Children And Adolescents
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Author(s):  
David Fraile Navarro ◽  
Britta Tendal ◽  
David Tingay ◽  
Nan Vasilunas ◽  
Lorraine Anderson ◽  
...  

2021 ◽  
Vol 48 (6) ◽  
pp. 623-633
Author(s):  
Mary Hooke ◽  
Michelle Mathiason ◽  
Alicia Kunin-Batson ◽  
Audrey Blommer ◽  
Jessica Hutter ◽  
...  

2021 ◽  
Vol 41 ◽  
pp. 101155
Author(s):  
Qianling Shi ◽  
Zijun Wang ◽  
Jiao Liu ◽  
Xingmei Wang ◽  
Qi Zhou ◽  
...  

2021 ◽  
Vol 20 ◽  
pp. S13
Author(s):  
G. Hergenroeder ◽  
J. Cogen ◽  
A. Genatossio ◽  
S. McNamara ◽  
M. Pascual ◽  
...  

2021 ◽  
Vol 10 (13) ◽  
pp. e582101321275
Author(s):  
Ana Carolina Vieira Azevedo ◽  
Giulia Vittoria Ambrogi Pereira ◽  
Mariana Xavier e Silva ◽  
Kristian Sbolli ◽  
Elaine Rossi Ribeiro

Despite growing global efforts to control tobacco use, it remains a common addiction. Passive smoking is the inhalation of smoke from tobacco derivatives by non-smokers, breathing in the same toxic substances that the smoker inhales. The objective of this systematic review was to identify the possible effects of passive smoking on the health of children and adolescents. The PICO tool was used to prepare the research question. The protocol of this study was submitted to PROSPERO and the PRISMA guidelines were followed. The following databases were used: LILACS, MEDLINE and EMBASE. As a result, 493 articles were identified from the last 5 years, 8 articles were removed for being duplicates, 439 articles were excluded for not meeting the inclusion criteria, 8 articles were excluded for poor methodological quality and 38 were included in the study.  It was concluded, as evidence, that passive smoking has negative effects on the health of children and adolescents and was associated with respiratory, infectious, psychoneurocognitive, metabolic, cardiovascular, otorhinolaryngological, allergic disorders and increased mortality.


2021 ◽  
Vol 9 ◽  
Author(s):  
José Francisco López-Gil ◽  
Antonio García-Hermoso ◽  
Pedro Juan Tárraga-López ◽  
Javier Brazo-Sayavera

Purpose: The aim of this study was to explore the dietary patterns, adherence to Food-Based Dietary Guidelines, and the ultra-processed consumption during the COVID-19 lockdown among a Spanish young population aged 3–17 years.Methods: Parents/legal guardians of preschoolers, children, and adolescents aged 3–17 years were enrolled through social networks. The eating habits were assessed by a Food Propensity Questionnaire applied in the ENALIA (Encuesta Nacional de Alimentación en la población Infantil y Adolescente) Spanish survey, which aims to collect food intake information and other data about eating habits on children and adolescents (0–18 years old). Participants were dichotomized following the Food-Based Dietary Guidelines for the Spanish young population offered by the Spanish Society of Community Nutrition. The ultra-processed food score was determined following the principles established in the NOVA classification.Results: Data from 604 children and adolescents were included. An association between age group and the recommendations of snacks (p = 0.002), fruits (p = 0.010), and diaries (p < 0.001) was found. Adolescents showed a lower mean compliance with these guidelines than children (p = 0.004) and preschoolers (p < 0.001). Similarly, children reported lower Food-Based Dietary Guidelines than preschoolers (p = 0.015). Regarding ultra-processed consumption, it was also observed a higher intake in adolescents than in children (p = 0.037), as well as in preschoolers (p < 0.001).Conclusions: The associations that were found highlight the low proportion of the young population (especially adolescents) meeting the Food-Based Dietary Guidelines and the high consumption of ultra-processed foods during COVID-19 lockdown.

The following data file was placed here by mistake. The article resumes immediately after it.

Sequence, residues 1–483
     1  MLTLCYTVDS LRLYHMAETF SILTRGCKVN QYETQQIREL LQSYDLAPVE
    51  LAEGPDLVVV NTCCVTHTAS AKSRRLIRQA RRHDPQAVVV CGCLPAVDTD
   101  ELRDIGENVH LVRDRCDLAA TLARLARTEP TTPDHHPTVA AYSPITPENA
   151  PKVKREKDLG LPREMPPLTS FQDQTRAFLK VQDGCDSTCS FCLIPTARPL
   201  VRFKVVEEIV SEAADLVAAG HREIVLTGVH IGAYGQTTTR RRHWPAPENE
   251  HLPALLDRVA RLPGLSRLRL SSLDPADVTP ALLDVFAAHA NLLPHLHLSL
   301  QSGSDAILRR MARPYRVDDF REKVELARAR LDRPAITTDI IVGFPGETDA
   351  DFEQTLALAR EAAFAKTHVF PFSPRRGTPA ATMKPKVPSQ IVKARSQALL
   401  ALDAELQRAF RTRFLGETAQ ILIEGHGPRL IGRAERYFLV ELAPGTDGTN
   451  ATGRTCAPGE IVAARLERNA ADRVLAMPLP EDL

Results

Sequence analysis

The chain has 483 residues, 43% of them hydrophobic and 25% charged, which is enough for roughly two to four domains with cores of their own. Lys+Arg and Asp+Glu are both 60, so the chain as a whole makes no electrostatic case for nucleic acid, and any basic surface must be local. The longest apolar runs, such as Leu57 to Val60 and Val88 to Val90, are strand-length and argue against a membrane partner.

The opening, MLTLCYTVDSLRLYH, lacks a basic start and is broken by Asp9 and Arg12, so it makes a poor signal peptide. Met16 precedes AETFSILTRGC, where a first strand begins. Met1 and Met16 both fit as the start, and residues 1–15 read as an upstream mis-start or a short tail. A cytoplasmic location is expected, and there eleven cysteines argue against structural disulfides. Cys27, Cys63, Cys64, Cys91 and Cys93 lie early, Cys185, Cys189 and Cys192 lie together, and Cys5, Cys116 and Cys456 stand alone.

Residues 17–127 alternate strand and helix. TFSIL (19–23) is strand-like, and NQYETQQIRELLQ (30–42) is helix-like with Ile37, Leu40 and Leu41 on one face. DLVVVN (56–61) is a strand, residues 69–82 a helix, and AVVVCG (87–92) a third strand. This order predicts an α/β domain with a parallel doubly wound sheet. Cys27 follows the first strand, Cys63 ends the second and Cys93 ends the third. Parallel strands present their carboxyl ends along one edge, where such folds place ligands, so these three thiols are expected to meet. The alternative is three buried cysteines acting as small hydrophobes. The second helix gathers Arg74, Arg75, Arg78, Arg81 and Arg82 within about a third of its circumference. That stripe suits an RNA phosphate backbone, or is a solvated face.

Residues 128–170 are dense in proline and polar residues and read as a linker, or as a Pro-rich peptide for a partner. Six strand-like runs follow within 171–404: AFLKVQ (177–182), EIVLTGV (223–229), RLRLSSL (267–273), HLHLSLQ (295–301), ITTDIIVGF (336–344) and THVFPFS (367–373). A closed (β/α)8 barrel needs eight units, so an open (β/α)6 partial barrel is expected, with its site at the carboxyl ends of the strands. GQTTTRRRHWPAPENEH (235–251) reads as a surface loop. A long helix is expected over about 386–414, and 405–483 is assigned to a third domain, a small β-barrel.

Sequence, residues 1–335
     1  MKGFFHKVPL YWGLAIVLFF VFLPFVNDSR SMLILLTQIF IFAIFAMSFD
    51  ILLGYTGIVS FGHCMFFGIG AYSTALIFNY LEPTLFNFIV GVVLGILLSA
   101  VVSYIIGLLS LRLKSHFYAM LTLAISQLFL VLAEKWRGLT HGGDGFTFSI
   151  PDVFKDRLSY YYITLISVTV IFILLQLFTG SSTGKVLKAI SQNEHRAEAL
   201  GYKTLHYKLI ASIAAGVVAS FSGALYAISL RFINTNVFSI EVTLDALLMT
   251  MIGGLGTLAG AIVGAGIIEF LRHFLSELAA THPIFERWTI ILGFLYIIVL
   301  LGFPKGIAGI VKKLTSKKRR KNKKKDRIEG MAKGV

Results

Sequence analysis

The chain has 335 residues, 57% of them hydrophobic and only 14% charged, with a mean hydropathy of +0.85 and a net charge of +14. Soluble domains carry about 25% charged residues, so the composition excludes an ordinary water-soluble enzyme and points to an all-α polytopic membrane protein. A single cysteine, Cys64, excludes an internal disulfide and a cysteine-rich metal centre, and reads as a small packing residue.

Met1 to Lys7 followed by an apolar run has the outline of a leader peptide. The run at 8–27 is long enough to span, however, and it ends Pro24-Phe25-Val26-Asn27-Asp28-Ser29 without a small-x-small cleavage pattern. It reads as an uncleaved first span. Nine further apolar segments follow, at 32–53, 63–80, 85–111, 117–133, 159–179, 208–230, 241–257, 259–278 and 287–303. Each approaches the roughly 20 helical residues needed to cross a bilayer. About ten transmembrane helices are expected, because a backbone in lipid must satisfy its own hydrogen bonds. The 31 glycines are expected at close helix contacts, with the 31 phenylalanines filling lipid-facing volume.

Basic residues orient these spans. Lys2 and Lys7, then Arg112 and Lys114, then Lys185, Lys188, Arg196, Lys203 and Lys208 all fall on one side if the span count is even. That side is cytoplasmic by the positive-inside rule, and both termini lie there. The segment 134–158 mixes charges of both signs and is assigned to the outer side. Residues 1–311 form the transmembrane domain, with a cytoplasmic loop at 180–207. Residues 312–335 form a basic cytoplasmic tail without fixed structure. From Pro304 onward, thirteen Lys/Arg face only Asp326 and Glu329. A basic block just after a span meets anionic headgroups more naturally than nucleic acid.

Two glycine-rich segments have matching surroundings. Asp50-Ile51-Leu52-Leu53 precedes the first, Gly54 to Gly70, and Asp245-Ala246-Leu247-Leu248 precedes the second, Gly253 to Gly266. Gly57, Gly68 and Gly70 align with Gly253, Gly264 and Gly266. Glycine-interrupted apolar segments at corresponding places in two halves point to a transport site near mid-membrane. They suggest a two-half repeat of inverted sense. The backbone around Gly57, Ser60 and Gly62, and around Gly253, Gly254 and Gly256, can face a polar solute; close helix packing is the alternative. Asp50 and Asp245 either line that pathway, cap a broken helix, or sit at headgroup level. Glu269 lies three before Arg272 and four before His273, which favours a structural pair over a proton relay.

Children ◽  
2021 ◽  
Vol 8 (11) ◽  
pp. 951
Author(s):  
Sara Rubenstein ◽  
Emily Grew ◽  
Katharine Clouser ◽  
Alexander Kwok ◽  
Aravindhan Veerapandiyan ◽  
...  

Most cases of COVID-19 in children and adolescents are mild or asymptomatic, but a small number of individuals may develop severe disease, requiring PICU admission and/or mechanical ventilation. We assessed the factors associated with negative short-term outcomes of COVID-19 in 82 pediatric patients at three hospitals within the United States during the spring and summer of 2020 using medical records, laboratory data, and imaging studies of all patients admitted with a positive RT-PCR test for SARS-CoV-2. We found that older patients were more likely to have an extended hospital stay, and those with high BMIs (over 25) were more likely to be admitted to the PICU during the early pandemic. In addition, older patients, those with high BMIs, and those with underlying medical conditions, were more likely to receive respiratory support. Given the association of age, BMI, and underlying medical conditions with more severe COVID-19, clinicians should keep these factors in mind when treating patients.


2021 ◽  
Vol 41 (4) ◽  
pp. 613-625
Author(s):  
Charles Frank Schuler IV ◽  
Jenny Maribel Montejo

2021 ◽  
Vol 41 (4) ◽  
pp. 627-638
Author(s):  
Pavadee Poowuttikul ◽  
Divya Seth

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